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Welcome aboard, Mateys! This is the official deck for the "Pirate This Book" collection. Available HERE, in case you wandered in here like a castaway and haven't seen it yet. Apart from the amazing quality and just sheer fun of its contents, it's an unusual book in several ways. At one level, it's kind of a joke. Let's line out two of the major reasons it's a book. It's a collection of stories, of course, and we'll detail that more down below decks. But it's also both a joke about, and a serious response to, the controversy you will run into on line regarding "piracy" of ebooks and how it hurts (or doesn't hurt) indie writers. Those two purposes of publication are dealt with in parallel columns here... scroll down to read more about what's inside.


The issue of ebook piracy--and the side issues of other ways in which readers can get books without paying the writers--has been hotly debated in forums and online groups, to say the very least. And seems to devolve to hard, fast groups with strong beliefs on the issues, one way or the other.

The attitude here, made pretty obvious by the title of this collection, is pretty militantly, "Arrr, ye swab, make our day!"

One of the major influences on that attitude, apart from common sense over emotion, comes from one of the most interesting and valuable indie writers' resources-- Cory Doctorow. His iconic comment is pithy, convincing, and hard to get around: "The problem isn't piracy, the problem is obscurity."

Obviously that doesn't apply to block-buster writers. Steven King and George Martin lose money when people get their sought-after books for free. Of course those who buy them in used stalls or check them out of the library give them no income, either, but piracy might be an issue for best-sellers. They never seem to whine about it, though. And for indie writers, trying desperately to be "discovered", the issue is pointless: we need to do whatever we can to get our books into the hands of readers and build familiarity and hopefully a base of fans.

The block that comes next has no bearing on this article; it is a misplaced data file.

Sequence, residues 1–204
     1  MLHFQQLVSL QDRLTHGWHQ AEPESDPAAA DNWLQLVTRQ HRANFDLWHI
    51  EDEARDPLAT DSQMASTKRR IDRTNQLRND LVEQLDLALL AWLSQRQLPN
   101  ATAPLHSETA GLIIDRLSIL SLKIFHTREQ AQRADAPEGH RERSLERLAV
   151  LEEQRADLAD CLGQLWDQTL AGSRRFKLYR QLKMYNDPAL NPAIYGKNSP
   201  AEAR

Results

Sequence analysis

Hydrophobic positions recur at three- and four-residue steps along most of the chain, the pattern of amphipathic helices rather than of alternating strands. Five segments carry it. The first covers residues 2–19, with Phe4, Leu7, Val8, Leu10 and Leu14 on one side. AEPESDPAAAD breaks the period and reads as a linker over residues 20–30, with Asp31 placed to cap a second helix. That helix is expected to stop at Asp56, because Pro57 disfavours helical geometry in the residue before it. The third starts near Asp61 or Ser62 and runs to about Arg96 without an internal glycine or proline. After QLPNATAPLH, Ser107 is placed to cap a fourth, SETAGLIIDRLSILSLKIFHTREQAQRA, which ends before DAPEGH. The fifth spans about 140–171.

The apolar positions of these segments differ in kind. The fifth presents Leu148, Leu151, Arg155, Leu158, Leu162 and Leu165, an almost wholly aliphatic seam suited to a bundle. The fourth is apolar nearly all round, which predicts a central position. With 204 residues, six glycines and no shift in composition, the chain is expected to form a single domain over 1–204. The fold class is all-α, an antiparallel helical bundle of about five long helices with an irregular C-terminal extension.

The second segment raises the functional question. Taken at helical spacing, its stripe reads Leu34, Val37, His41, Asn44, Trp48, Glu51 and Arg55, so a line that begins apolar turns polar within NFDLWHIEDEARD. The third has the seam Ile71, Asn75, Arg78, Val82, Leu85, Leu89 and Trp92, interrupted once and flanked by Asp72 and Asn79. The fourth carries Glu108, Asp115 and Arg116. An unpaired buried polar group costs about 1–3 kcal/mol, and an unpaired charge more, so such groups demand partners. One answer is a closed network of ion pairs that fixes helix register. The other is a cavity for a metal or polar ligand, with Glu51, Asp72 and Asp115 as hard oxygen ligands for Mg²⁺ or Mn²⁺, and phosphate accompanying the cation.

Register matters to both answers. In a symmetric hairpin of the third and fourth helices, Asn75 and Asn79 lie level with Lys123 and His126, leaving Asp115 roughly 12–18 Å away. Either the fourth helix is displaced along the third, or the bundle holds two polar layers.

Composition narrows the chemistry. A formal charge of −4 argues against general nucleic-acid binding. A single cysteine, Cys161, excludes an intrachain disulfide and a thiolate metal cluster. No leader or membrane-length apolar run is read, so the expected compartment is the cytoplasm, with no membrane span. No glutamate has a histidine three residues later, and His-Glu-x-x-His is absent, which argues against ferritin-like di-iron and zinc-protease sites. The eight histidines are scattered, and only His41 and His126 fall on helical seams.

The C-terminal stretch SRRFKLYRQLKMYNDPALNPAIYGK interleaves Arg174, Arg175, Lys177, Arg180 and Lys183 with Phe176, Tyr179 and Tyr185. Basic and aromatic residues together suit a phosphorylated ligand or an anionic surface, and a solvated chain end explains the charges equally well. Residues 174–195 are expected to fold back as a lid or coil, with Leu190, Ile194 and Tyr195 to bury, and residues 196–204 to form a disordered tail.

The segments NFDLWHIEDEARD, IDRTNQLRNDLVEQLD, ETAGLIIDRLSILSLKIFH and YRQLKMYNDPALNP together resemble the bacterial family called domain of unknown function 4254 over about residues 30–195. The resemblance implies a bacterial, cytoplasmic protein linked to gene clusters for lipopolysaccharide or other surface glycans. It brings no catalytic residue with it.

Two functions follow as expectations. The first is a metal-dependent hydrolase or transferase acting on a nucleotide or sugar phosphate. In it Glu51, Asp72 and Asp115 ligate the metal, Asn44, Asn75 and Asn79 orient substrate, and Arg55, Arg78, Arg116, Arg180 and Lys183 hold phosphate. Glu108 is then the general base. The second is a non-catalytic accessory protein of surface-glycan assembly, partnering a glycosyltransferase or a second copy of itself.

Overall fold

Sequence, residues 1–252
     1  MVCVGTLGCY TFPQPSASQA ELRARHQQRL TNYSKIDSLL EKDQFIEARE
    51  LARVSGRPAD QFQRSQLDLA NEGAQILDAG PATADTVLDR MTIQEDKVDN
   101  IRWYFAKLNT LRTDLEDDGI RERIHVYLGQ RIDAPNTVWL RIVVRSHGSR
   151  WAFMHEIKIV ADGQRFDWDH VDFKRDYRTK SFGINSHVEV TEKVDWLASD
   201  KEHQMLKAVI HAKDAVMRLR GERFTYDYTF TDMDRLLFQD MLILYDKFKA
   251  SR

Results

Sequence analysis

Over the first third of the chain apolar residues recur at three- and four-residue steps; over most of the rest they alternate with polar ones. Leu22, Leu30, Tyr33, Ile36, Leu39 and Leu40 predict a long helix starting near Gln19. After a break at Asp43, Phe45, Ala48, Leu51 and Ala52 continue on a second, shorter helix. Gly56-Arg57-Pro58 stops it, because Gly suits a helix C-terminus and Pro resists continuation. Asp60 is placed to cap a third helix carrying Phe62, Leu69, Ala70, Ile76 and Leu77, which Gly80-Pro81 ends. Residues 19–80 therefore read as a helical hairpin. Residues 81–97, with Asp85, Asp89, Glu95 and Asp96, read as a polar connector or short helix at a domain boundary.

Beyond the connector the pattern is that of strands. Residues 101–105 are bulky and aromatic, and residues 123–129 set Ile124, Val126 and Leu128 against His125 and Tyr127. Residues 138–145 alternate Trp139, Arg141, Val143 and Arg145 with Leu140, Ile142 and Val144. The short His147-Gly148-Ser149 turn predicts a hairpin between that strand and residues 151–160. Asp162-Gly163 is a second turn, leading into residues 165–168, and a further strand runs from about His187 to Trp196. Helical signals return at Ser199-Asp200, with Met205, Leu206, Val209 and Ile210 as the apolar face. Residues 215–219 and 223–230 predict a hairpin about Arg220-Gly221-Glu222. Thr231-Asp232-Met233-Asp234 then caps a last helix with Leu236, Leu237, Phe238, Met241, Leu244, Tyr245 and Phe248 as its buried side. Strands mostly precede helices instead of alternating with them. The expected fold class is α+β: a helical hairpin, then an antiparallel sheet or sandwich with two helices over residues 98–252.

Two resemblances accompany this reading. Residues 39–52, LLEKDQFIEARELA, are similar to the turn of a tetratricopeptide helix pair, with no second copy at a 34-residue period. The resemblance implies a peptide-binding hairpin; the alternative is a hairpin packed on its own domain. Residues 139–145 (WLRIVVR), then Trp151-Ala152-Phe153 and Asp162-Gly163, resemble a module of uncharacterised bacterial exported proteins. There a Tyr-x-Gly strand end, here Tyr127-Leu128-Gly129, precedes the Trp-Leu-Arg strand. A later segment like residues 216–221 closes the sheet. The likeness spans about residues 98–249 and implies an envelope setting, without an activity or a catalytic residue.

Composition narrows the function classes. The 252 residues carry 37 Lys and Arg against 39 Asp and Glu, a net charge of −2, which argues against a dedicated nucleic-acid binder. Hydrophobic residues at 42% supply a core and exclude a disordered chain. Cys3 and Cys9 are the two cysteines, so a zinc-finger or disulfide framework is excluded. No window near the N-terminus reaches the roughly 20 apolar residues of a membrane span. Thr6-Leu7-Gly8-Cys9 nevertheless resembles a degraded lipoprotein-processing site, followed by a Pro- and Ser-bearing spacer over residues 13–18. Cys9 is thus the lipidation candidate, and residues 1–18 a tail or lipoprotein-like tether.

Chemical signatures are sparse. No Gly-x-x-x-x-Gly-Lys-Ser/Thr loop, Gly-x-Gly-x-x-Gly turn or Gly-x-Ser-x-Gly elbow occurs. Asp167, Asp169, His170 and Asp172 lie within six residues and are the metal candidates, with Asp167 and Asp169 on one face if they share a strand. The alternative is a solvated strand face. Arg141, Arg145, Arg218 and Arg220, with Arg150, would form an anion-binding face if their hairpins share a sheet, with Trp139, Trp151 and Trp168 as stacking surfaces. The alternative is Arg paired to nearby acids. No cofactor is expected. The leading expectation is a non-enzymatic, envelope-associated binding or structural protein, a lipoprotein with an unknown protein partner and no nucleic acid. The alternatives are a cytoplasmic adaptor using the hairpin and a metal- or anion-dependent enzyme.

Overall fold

You hear people who crow about the 10,000 downloads their book got on a Kindle free day turn around and scream that they are being ripped off by some obscure Pakistani pirate bay. The idea is, to get the words out. And that is what this book is all about. PLEASE pirate it, put it up on evil torrent sites, break the DRM and pass it around to your pals, send free copies to the troops.

Yo, ho, freakin' ho...

Given the book's title and cool cover art (by Piotr Czaplarski) the decision to choose contents that play up to the theme wasn't hard to arrive at.

All the selections were chosen to have elements of piratical mien: raids, grabs, pillage, what have you. And to include, whenever possible, some kind of hot and preferably combative babe. That worked out fairly well, actually.

This table lists the inclusions in the book, with some notes and blurbs on each, and where to fund them, or sign up to be notified when they are ready to sally from port in search of plunder.

For Your Damned Love
Tijuana Nocturnes
Boneyard 11
Mary of Angels
The Weekend Warrior
Properties of Light
Short Cuts
Afro-Cuban Boogie-Woogie
Mayan Calendar Girls
Flesh Wounds
Sky Seeds
Sweet Spot
Only Words
Mexican Slang 101
He's been hired to bring back the wild heiress kidnapped by a cartel hotshot, but is starting to wonder how many of her new lovers she's going to get killed before he takes her home to Daddy. This bank robbery is just the first try-out of her newest toy: an armed gang of Mexican bandidos.
Running guns into Mexico: it's not just a job, it's an adventure. Of course, so is working as a stripper in a bar patronized almost entirely by drug gang middle-management.
Just kidnap the drug lord's hot wife from the Pilates studio. How hard could that be? They aren't the last gangsters in this story to underestimate Nan. Actually, this fairly wild screw-up is one of the milder scenes of chaos as this novel works its way along several kinds of border.